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The hard work of becoming more just and equitable

As APCE introduces its statement about race and intercultural issues, it offers its membership eight webinars

by Paul Seebeck | Presbyterian News Service

Susan Young-Thornton, consultant for spiritual formation with the Presbytery of Los Ranchos, moderated APCE’s Diversity Task Force.

LOUISIVILLE — After years of difficult work, the Association of Presbyterian Church Educators (APCE) has a new justice and equity statement. APCE’s Diversity Task Force, which developed the statement, hopes it will help the organization in its effort to become more diverse.

The statement was developed to guide APCE and its members understand who they were and what they should become as a predominately white organization. The task force is using the statement to introduce a series of eight webinars produced for APCE by Crossroads Antiracism Organizing and Training.

Crossroads, which partners with organizations and institutions to dismantle systemic racism, began working with APCE in the fall of 2019.  At that point, Susan Young-Thornton, moderator of APCE’s Diversity Task Force and the consultant for spiritual formation with the Presbytery of Los Ranchos, said the team, which had been meeting for nine months, was “floundering a bit.”

“We were trying to find a way to break open the discussion that needed to happen with APCE leadership around diversity and inclusion,” she said.

Feeling they needed someone from outside the organization to provide APCE leadership with some perspective, the task force began to consult with Crossroads’ national program manager, Jessica Vazquez Torres.

Through a partnership with the PC(USA)’s Office of Christian Formation, the APCE Coordinating Council and the Diversity Task Force had their first training with Crossroads in the fall of 2019, leading eventually to the creation of the webinars. Through the remainder of 2021 there will be further coaching and consulting as APCE moves toward becoming a just and equitable organization.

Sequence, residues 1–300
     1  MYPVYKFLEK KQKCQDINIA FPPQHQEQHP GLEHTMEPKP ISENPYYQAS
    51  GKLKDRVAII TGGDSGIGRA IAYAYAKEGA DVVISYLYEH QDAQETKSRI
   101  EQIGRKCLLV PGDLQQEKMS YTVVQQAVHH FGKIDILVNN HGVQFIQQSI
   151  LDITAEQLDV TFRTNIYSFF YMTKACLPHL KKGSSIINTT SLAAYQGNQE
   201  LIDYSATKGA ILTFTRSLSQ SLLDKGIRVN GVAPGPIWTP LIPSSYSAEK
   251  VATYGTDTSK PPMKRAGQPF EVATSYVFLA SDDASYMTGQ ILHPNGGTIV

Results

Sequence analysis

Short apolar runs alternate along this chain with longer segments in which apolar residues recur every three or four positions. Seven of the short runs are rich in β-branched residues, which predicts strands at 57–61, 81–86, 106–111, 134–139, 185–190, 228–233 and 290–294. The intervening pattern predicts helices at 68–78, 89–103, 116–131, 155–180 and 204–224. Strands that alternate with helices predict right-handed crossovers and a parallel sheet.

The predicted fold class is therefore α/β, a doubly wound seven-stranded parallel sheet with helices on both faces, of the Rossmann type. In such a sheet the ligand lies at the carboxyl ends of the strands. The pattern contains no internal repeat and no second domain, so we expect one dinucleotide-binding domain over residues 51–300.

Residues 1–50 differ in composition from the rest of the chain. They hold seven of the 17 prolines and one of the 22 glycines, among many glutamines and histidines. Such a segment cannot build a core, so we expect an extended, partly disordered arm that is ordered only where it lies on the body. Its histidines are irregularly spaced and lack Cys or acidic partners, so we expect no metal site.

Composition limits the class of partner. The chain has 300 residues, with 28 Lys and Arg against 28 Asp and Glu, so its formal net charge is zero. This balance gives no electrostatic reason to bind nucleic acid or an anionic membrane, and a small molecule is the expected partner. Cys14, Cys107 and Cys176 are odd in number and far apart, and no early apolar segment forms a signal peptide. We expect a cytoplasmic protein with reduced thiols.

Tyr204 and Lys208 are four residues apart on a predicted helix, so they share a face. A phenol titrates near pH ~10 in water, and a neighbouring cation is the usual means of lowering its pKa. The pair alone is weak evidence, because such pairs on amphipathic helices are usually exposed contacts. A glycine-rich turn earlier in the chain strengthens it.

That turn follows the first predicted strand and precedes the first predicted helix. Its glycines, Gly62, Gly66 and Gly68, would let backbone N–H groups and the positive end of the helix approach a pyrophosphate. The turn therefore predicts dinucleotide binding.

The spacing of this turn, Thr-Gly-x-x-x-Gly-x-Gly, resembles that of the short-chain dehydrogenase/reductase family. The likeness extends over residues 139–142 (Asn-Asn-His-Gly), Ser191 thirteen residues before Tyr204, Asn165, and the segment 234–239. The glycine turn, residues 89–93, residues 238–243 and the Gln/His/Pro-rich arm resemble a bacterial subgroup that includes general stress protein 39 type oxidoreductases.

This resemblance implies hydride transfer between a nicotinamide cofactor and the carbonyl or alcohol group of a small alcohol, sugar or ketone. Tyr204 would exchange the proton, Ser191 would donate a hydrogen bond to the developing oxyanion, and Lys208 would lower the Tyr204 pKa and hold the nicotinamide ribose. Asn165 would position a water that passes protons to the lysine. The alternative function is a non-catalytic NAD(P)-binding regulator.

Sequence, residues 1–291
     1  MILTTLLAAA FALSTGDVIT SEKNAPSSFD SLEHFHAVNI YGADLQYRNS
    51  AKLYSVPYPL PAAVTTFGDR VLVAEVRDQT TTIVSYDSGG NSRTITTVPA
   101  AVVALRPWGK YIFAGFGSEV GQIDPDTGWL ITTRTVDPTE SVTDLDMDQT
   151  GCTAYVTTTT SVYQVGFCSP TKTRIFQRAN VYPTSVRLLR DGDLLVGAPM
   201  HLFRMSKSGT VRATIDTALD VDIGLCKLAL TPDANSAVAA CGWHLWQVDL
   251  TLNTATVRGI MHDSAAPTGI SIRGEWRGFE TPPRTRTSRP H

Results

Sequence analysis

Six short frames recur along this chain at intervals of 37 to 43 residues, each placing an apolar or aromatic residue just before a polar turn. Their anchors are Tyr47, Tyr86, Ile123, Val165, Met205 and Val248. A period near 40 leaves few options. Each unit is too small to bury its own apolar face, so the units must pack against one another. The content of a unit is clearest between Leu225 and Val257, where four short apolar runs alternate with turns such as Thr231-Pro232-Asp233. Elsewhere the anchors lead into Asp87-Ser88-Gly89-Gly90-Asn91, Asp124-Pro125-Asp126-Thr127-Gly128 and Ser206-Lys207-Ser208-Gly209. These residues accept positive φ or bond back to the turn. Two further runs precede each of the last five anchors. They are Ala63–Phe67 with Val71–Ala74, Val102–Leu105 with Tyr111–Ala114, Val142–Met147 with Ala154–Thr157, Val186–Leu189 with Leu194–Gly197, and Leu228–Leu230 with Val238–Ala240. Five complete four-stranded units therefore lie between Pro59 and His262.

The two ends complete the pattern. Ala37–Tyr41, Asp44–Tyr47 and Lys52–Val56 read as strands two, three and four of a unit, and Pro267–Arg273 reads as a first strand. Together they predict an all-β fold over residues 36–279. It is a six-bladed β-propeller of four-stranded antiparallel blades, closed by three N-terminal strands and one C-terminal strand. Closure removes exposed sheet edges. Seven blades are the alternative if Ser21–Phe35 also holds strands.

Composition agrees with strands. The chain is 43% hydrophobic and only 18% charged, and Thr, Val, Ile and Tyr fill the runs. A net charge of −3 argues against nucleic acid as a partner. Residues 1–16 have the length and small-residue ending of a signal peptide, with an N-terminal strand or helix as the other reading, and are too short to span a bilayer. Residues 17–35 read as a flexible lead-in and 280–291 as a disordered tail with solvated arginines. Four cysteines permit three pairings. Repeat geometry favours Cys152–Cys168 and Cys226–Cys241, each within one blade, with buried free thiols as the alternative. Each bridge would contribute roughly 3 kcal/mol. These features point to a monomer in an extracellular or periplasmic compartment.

Jessica Vazquez Torres is national program manager for Crossroads Antiracism Organizing and Training.

Early on in the conversations, Vasquez Torres told the task force that APCE would remain a white organization unless it shifted its focus.

“She said we needed to work at becoming more just and equitable,” Young- Thornton said, “and then we could become more diverse.”

Hearing this, the task force began to work on helping APCE leadership understand how broad diversity was — and that it was about more than race and color.

When dealing with justice and equity issues, Young-Thornton said diversity includes sexual orientation, gender identity, economic status, clergy vs. laity, geography, culture and ableness.

She remembers what happened in 1997 when APCE changed its bylaws to include multi-cultural representatives on its governing board, a change that was about race only.

“But there was a certain naivete about wanting to become more diverse and about how to do that,” she said. “We kept thinking it would happen because we wanted it to without deeply reflecting on the ways we operate because of our whiteness.”

Over the years, representative slots for African American, Asian, Hispanic and Native Americans were often unfulfilled. In 2018 Young-Thornton heard that an Asian representative finally asked APCE leadership, “Why am I here serving the organization? I don’t understand what I’m doing. It doesn’t make sense to me.”

“Inviting one to the table doesn’t necessarily make one feel welcome, other than offering them a chair,” Young-Thornton said. “We were excluding people, even as we said we wanted to include them.”

The statement spells out how APCE is seeking to achieve greater diversity, equity and justice.

Recognizing the need to really listen to what the diverse voices were saying, APCE leadership formed the Diversity Task Force, asking its members to look at what APCE had been doing in its diversity efforts and what the organization needed to change. This ultimately led to its partnership with Crossroads.

Describing APCE as a “good-hearted and well-intentioned organization,” Young-Thornton sees the task force statement as “one of repentance while being aspirational.”

“It’s an attitude of ‘this is what we have done or left undone,’” she said, “moving from where we have been and where we are not yet to a more just and equitable organization.”

As task force member Danna Larson, who has been at this work a long time, likes to say, “The work of the Diversity Task Force is really about disruption. We’re looking to disrupt the ways we have always functioned to find new ways of doing and being as an organization.’”

As a way of introducing the justice and equity statement to the wider church and to get feedback, the diversity task force shared the statement during one of the roundtable discussions at APCE’s recent annual event, “Anything but Ordinary Time.”

 In addition, the task force held three workshops around:

  • Having difficult conversations about race
  • Making difficult decisions, including LGBTQ+ people sharing their coming out stories
  • Taking action around economic justice.

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